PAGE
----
24 January 1935 – 8 February 2022
Bamber Gascoigne CBE
24 January 1935 – 8 February 2022
TV presenter and author Bamber Gascoigne has died at his home in Richmond after a short illness. The 87-year-old – famous for being the original host of BBC’s University Challenge – had been married to his wife Christina, a potter, for 55 years.
In 2014 Bamber Gascoigne inherited from his aunt, the Duchess of Roxburghe, the Surrey estate of 14th century West Horsley Place. He was quick to agree with Grange Park Opera, that they should build an opera house in the woods behind the ancient orchard. Bamber and Christina have been very closely involved in everything that has happened at the Theatre in the Woods.
David Pountney pays tribute: “Bamber Gascoigne was a figure from another age, a better one I fear than ours. A polymath with wide ranging interests, he was highly intelligent, erudite and articulate but all of this was presented with a relaxed lightness of touch that endeared him to many people less intellectually equipped. He was a man whom Samuel Johnson might have recognised and admired, a conversationalist. He might invite the quip that he didn’t do much but he did it extremely well, but this would be very unfair, as the long list of TV programmes, books and documentaries shows. As a kind of fairy tale end to the latter part of his life, he found a home for an opera house – an achievement both slightly dotty and admirably patrician. His charm and his generosity will be severely missed.”
Joanna Lumley pays tribute: “It seems to me that Bamber encompassed everything that is good: he was recklessly generous, extremely funny, kinder than sunshine and as brainy as the Mekon. Except for when he was carving his place in history by hosting University Challenge, I only ever knew him as Bamber-and-Christina, and our thoughts and love race towards her at this saddest time. I think I know what giants are, and he was one. Rest in peace, wonderful friend.”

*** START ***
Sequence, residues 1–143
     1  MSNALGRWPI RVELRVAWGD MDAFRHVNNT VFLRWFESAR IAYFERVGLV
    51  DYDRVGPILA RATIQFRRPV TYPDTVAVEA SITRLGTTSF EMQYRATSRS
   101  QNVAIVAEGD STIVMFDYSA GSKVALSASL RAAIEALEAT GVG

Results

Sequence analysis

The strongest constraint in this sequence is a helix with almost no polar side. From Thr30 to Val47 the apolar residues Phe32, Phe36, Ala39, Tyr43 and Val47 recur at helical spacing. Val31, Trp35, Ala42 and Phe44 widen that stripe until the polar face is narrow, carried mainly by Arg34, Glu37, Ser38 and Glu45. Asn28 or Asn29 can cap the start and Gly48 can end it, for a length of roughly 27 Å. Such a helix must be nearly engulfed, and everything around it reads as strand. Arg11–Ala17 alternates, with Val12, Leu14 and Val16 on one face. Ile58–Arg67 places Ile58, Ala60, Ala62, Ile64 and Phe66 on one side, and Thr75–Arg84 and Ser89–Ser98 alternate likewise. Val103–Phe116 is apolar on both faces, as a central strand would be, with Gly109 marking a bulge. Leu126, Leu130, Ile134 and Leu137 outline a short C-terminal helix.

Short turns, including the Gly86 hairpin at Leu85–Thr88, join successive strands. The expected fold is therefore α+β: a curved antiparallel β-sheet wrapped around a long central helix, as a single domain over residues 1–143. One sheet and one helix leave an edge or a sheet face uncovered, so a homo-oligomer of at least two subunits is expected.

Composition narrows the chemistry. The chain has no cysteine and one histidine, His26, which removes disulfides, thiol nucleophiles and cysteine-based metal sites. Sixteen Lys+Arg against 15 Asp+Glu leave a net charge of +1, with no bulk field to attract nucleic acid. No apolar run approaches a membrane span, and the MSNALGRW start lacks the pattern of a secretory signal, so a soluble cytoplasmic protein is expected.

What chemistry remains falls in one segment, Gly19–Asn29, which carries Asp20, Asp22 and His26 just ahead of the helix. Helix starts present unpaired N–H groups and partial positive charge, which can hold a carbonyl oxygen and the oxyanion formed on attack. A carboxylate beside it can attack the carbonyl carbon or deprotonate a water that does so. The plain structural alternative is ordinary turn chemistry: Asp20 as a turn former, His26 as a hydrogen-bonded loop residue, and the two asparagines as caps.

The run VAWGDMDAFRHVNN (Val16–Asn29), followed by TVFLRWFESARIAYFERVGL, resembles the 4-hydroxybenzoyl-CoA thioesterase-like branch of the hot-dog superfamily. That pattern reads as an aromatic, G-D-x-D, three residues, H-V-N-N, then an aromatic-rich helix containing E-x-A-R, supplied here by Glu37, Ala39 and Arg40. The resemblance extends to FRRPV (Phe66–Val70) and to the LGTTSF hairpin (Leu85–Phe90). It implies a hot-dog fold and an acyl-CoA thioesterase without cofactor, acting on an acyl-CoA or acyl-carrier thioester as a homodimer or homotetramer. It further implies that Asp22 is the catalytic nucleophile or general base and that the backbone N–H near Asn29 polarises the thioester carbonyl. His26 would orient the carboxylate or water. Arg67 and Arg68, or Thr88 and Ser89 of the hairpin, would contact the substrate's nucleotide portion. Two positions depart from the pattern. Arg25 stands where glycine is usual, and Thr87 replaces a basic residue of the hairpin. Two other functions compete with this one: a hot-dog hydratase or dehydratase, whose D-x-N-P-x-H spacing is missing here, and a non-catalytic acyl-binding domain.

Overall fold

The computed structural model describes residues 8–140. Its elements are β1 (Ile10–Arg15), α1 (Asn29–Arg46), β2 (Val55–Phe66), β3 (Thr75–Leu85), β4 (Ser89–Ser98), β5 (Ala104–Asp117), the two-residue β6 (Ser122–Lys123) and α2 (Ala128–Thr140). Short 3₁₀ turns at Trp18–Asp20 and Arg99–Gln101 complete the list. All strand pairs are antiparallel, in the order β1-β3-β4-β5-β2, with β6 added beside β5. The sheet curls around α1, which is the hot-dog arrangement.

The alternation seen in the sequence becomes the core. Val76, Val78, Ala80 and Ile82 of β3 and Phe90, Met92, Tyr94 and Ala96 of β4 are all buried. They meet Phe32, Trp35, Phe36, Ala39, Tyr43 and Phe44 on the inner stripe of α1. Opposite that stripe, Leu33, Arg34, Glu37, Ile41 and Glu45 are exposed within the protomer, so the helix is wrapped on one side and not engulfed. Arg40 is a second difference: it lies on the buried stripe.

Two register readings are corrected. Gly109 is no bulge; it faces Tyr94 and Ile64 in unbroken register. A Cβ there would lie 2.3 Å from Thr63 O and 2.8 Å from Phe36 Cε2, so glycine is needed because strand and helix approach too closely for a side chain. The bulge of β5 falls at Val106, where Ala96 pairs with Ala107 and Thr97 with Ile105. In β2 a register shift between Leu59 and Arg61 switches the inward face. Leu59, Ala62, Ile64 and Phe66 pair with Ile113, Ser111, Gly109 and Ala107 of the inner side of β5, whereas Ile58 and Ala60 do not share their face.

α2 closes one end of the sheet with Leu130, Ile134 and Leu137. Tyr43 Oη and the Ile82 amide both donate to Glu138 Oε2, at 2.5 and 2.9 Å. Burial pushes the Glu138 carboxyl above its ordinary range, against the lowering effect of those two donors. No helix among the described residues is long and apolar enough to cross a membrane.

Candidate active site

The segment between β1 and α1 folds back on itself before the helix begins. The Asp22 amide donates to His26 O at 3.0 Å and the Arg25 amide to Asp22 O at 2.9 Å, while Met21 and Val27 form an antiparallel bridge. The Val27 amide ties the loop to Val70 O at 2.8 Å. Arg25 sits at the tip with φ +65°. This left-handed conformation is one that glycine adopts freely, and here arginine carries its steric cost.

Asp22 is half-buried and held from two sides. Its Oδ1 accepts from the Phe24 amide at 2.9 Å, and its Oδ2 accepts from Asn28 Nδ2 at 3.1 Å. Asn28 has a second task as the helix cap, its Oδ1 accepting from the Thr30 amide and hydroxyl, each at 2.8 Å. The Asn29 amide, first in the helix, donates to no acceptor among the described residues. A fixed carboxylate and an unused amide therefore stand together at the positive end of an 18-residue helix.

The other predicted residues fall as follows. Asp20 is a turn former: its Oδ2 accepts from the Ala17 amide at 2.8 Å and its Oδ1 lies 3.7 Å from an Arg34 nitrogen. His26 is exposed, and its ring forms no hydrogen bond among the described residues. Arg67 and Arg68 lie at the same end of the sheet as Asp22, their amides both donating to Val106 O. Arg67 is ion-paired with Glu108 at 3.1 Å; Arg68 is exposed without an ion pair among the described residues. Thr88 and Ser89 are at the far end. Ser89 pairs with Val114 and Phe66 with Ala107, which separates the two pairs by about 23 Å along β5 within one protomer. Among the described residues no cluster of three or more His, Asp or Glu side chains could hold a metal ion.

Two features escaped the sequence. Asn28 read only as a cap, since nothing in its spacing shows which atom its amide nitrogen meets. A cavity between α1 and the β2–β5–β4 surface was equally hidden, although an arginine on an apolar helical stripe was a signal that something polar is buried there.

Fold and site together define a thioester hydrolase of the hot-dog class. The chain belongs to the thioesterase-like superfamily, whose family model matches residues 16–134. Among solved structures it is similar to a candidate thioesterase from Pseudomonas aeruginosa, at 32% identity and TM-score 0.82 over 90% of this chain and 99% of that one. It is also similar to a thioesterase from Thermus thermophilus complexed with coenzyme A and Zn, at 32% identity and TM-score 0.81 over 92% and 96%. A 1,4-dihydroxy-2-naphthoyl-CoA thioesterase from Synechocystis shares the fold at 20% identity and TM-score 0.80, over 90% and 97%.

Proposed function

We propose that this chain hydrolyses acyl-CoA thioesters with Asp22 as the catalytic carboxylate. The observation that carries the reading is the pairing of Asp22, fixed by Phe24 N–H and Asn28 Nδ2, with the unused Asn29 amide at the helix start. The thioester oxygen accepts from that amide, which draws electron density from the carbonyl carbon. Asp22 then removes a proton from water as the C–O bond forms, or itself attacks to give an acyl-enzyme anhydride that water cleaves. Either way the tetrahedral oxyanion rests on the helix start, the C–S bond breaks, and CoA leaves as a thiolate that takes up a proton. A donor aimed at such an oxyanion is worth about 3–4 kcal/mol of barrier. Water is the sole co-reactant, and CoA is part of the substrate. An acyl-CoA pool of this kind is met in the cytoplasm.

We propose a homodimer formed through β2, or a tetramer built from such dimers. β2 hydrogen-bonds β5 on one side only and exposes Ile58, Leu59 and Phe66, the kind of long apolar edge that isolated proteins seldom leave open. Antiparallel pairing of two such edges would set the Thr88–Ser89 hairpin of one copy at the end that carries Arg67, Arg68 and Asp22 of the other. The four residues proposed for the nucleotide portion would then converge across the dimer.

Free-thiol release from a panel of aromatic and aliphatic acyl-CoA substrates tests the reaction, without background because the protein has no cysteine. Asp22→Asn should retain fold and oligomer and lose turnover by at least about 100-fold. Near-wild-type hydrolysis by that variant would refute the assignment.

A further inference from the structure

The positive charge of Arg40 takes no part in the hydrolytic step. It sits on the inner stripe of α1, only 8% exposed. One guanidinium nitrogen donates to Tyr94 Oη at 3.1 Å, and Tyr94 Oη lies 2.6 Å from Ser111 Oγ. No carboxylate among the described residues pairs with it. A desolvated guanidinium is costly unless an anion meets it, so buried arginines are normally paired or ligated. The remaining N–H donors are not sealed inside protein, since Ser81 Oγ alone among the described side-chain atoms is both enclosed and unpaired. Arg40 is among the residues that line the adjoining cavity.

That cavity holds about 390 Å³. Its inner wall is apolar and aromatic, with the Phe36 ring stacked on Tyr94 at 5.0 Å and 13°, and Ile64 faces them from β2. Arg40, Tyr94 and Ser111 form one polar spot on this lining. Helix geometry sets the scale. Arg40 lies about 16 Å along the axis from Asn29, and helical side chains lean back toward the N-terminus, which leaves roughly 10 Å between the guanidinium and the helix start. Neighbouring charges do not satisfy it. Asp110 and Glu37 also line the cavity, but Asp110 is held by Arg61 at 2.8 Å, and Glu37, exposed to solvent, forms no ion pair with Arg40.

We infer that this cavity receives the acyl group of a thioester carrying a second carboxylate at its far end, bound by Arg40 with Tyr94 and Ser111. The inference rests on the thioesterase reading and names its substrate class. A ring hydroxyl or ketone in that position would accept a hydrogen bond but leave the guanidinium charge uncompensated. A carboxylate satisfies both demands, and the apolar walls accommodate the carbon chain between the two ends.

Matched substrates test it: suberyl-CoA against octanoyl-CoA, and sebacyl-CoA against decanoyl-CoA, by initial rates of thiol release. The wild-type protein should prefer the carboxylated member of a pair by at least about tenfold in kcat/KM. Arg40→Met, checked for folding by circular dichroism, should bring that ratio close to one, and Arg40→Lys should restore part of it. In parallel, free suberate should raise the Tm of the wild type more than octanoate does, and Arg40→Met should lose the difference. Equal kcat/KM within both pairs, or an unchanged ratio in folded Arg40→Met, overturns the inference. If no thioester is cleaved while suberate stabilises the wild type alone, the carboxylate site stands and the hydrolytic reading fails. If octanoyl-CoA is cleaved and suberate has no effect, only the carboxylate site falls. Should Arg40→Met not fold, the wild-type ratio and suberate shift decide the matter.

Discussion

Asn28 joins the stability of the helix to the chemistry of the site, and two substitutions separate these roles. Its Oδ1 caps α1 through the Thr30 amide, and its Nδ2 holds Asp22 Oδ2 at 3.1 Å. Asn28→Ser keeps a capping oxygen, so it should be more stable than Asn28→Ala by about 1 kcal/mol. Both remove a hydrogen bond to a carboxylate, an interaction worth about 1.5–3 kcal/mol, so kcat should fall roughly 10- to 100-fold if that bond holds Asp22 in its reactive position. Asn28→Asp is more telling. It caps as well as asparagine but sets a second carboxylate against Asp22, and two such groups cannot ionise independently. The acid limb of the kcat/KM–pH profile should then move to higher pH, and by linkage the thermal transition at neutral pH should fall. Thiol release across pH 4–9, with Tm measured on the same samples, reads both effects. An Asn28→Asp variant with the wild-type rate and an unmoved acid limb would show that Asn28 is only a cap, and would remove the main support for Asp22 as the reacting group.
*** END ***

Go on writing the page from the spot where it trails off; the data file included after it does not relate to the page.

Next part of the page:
Writing in 2016, these are Bamber’s own words:
“I have had two very great surprises in the past eighteen months. The first was the unexpected news that I had been left, by a 99-year-old aunt, Mary Roxburghe, a beautiful house in the country. A week after her death I received a request to go to a solicitor’s office. On arrival I was handed her will. I did my best to look calm and collected while they provided a cup of coffee and biscuits.
The other great surprise was provided by Grange Park Opera. A small group of their trustees paid a visit. Again over coffee and biscuits, they described their proposal and asked Christina and me if it might be acceptable. It didn’t take us long to say ‘Yes, indeed’.
It isn’t every day that you are invited to have an opera house in your garden.
It was obvious from the start that West Horsley Place is perfect for an opera season. They are planning to build the theatre tucked away romantically in a wood. A short path through the wood will bring opera-goers to our orchard, a magical place of amazingly old fruit trees. A wrought-iron gate leads visitors into semi-formal gardens, areas of mown grass separated by ancient box hedges, which I can imagine already full of the bright tented pavilions for which Grange Park Opera is famous.
And then the house itself. Amazing . . . and I could go on and on. But it is enough to say that the ground floor, an unbroken sequence of Tudor stone flags leading into the garden, has space for 150 people to dine in style.
Roll on the first night!”
Bamber will be missed by everyone at Grange Park Opera.